As a banker, I used to always say you can never have enough capital. As the FDIC Chairman, you had better believe I still feel that way. Good capital policy has put the industry in a strong position to support a recovery. And as the deposit insurer that makes us sleep better at night.

Third, as a general rule, bank asset portfolios are much more diverse than they have been in the past. Since I am a former banker with 30 years of experience in the industry, I can't stress too strongly the importance of a diversified portfolio. We all saw what happened during the last recession, when much of the credit risk growth was concentrated in real estate construction and development lending and leveraged financing. None of us wants to see that again.

There is still more good news. Inflation remains low, which has enabled the Fed to cut interest rates repeatedly. And even though the cuts have exacerbated earnings problems at many community banks in the short term, in the long term they should eventually stimulate overall economic growth. In addition, the government has shown its willingness to assist those ailing industries that were damaged most severely by the terrorist attacks, which will have a stabilizing effect.

What about risk management in the longer term?

Well, the transformation to a digital world is altering both the nature of risk and its impact. Our growing reliance on technologies, particularly Internet technologies, exposes banks to the ultimate risks - that the technologies are disrupted and criminals misuse them.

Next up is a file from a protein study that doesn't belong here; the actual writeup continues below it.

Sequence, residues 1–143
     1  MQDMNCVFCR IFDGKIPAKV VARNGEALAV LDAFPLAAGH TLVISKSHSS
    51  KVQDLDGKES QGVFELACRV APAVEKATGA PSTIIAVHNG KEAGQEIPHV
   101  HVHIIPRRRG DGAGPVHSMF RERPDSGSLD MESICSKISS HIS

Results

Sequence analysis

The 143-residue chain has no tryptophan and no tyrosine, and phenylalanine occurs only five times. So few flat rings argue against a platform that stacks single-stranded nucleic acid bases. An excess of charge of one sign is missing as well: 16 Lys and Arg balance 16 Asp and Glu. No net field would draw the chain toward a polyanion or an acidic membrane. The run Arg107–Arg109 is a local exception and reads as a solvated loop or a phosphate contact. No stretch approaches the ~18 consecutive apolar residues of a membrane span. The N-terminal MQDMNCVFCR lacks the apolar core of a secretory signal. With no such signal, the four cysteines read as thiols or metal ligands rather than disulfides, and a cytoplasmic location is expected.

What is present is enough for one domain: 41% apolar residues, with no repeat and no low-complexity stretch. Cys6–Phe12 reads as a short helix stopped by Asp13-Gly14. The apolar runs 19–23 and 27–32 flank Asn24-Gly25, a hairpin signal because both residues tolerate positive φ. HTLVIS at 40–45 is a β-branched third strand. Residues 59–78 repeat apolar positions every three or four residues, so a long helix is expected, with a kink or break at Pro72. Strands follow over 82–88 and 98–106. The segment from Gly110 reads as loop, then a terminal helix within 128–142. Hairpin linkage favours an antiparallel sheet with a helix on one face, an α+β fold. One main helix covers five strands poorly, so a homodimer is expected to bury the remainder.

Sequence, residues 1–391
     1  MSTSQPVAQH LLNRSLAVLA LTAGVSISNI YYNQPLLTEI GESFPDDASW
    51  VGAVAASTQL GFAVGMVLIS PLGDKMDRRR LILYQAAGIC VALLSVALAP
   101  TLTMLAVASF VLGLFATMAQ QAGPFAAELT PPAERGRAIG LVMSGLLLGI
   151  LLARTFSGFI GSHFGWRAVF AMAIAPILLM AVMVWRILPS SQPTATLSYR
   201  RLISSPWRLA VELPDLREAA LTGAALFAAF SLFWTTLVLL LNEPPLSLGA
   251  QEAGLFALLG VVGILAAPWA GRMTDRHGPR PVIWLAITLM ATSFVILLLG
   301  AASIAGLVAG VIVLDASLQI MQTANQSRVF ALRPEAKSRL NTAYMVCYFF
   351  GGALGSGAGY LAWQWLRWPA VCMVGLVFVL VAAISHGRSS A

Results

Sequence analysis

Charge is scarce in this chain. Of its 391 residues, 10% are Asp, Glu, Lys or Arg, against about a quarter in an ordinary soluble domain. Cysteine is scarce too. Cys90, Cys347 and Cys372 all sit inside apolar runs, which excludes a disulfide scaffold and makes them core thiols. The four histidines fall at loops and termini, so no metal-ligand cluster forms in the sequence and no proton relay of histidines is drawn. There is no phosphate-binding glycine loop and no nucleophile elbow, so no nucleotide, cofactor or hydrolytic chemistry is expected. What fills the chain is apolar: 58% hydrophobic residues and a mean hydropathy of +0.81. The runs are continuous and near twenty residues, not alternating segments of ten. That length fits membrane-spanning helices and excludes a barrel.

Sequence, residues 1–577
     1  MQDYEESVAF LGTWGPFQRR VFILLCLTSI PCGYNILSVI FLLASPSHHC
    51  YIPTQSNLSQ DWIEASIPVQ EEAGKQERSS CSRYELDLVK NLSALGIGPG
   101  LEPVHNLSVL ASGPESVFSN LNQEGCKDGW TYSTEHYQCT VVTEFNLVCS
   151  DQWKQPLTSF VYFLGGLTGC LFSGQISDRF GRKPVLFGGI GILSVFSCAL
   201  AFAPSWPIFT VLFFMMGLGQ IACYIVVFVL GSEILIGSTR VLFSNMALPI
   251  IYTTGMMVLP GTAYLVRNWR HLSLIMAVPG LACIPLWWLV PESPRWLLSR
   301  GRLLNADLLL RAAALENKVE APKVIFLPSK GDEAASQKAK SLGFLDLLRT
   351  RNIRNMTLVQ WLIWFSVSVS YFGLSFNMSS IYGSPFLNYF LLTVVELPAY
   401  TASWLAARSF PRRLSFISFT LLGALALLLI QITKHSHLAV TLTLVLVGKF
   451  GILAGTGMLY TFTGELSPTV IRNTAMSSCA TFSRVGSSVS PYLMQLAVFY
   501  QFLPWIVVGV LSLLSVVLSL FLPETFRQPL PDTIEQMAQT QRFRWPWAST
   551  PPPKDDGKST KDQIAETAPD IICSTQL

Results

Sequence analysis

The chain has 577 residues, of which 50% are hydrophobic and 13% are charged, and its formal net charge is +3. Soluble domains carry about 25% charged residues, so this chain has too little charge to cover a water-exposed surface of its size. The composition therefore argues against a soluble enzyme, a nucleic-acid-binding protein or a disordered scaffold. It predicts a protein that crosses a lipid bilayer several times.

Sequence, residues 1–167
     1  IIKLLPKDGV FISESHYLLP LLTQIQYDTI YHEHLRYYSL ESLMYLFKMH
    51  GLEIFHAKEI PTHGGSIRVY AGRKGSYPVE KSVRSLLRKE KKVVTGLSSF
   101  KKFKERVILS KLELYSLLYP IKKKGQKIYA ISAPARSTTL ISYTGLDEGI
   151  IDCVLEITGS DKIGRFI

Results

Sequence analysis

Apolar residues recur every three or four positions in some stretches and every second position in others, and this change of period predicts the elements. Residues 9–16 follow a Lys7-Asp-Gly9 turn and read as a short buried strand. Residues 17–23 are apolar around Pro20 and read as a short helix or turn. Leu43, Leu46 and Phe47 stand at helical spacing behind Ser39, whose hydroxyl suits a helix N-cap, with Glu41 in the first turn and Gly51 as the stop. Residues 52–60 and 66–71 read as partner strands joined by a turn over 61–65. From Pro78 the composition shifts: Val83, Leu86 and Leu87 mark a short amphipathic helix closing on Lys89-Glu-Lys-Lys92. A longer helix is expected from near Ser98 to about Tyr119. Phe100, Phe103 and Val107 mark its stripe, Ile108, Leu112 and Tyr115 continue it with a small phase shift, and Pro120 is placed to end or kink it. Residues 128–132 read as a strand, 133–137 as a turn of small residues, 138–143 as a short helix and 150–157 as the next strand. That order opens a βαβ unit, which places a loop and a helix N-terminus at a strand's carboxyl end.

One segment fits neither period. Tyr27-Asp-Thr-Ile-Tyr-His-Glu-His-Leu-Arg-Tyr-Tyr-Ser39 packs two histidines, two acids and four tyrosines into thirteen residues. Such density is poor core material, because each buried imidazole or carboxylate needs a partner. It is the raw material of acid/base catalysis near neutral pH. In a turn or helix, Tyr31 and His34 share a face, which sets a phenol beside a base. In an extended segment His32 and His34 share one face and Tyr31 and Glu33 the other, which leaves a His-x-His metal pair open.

We've always understood that these networks are one of the battlegrounds on which terrorists will engage us. But now we understand just how much damage these terrorists are prepared to do.

So we need to do whatever it takes to stay on top of security and our vendor relationships. We must protect our part of the infrastructure, because as banks increase their dependence on new technologies, the consequences of an interruption of these services can become quite severe.

Also, as new products become available, banks should carefully plan the implementation of new technologies and fully understand the risks they present.

Fortunately, sound policies and controls, strong risk management techniques, and common sense - in other words, the basic principles of good banking - will allow us to handle the challenges we face. This is just as true for technology-driven activities as it is for traditional ones.

I'd like to close by coming full-circle. The defining moment of September 11 has been seared forever in our national consciousness. It was one of the bloodiest days in American history. We're going to be dealing with the consequences for years, on a variety of different levels. But America has never failed yet to rise to any new challenge, grapple with it, and emerge stronger than ever.

This is the great strength of America. I'm proud of our country as we rise to yet another new challenge, and I will work hard - along with all of you - to see that we meet it.

As a nation, we've been wounded.
But we have learned through hard experiences that wounds heal.
Ours will.
We must have faith.
Faith in ourselves.
And faith in each other.

Faith has gotten us through so much before, and through faith, we will prevail.

Thank you.

****

Last Updated 10/11/2001communications@fdic.gov